Man in custody after latest 999 call

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A repeat offender who has plagued police by making numerous nuisance 999 calls got drunk and phoned the force because he was looking for a lift home.

But Nathan Hilditch ended up getting a lift to a different building instead – the 18-year-old from Horseshoe Close in Virkie was taken to the cells after he abused the emergency phone system again.

The nuisance caller was last month released on bail after police despaired over his repeated treble-nine antics.

He was due to appear for sentence on Thursday, but at the weekend he couldn’t resist dialling 999 one more time, and promptly got his collar felt.

Lerwick Sheriff Court today heard Hilditch had been drunk when he initially dialled the non-emergency 101 system on Sunday.

Police found him and gave him a “stern” warning not to waste their time.

But he “goaded” them, saying his bail conditions prevented him from using the 999 system – and not the 101 line.

Once the police left he dialled 999 anyway.

Procurator fiscal Duncan MacKenzie said the number of nuisance calls from Hilditch had now reached the “dozens, if not the hundreds”.

“He contacted the 101 number. He was drunk and wanted to speak to a police officer,” said Mr MacKenzie.

“Police located him and gave him a warning in very stern terms. He was basically looking for a lift home.

“He was goading the police by saying the bail condition prevented him from using the 999 system, and not 101, but after the police left he phoned the 999 number.”

Defence agent Tommy Allan said Hilditch did not know why he repeatedly abused the 999 system.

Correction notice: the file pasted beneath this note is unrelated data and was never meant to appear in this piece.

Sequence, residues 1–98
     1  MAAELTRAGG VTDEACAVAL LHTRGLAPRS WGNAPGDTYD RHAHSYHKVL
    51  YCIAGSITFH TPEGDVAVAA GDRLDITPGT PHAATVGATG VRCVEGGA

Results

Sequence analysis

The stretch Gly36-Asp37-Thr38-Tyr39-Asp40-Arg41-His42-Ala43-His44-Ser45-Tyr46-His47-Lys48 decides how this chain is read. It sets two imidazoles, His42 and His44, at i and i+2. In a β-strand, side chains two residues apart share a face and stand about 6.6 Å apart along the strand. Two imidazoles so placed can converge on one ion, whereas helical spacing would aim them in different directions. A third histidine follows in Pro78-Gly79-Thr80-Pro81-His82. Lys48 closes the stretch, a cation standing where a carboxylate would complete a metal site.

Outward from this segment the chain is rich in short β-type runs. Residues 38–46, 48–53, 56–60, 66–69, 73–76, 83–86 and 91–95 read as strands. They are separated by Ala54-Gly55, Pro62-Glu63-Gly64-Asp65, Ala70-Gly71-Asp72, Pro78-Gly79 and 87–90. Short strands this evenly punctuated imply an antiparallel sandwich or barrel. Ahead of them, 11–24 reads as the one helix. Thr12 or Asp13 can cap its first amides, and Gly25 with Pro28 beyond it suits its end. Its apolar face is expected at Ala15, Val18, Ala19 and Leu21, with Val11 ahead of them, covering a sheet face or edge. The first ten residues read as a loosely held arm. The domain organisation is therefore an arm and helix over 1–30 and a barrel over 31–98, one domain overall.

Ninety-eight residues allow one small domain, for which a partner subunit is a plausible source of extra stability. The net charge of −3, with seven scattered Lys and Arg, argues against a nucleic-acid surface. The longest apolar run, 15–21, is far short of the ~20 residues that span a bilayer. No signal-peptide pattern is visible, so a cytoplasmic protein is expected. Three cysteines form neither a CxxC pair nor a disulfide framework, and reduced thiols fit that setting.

“It seems to be a complex problem because it’s not out of devilment,” he told the court.

“He doesn’t know why it is, but he keeps phoning the police. He doesn’t like being in custody, he says.”

The court heard Hilditch had missed a social work appointment, but had hoped to mend the damage caused by that today before being overtaken by events.

Sheriff Philip Mann was not persuaded that Hilditch should be trusted, even until Thursday.

“I’m not going to take the risk of allowing you your freedom. You’ve had plenty of opportunity to mend your ways.”

About Ryan Taylor

Ryan Taylor has worked as a reporter since 1995, and has been at The Shetland Times since 2007, covering a wide variety of news topics. Before then he reported for other newspapers in the Highlands, where he was raised, and in Fife, where he began his career with DC Thomson. He also has experience in broadcast journalism with Grampian Television. He has lived in Shetland since 2002, where he harbours an unhealthy interest in old cars and motorbikes.

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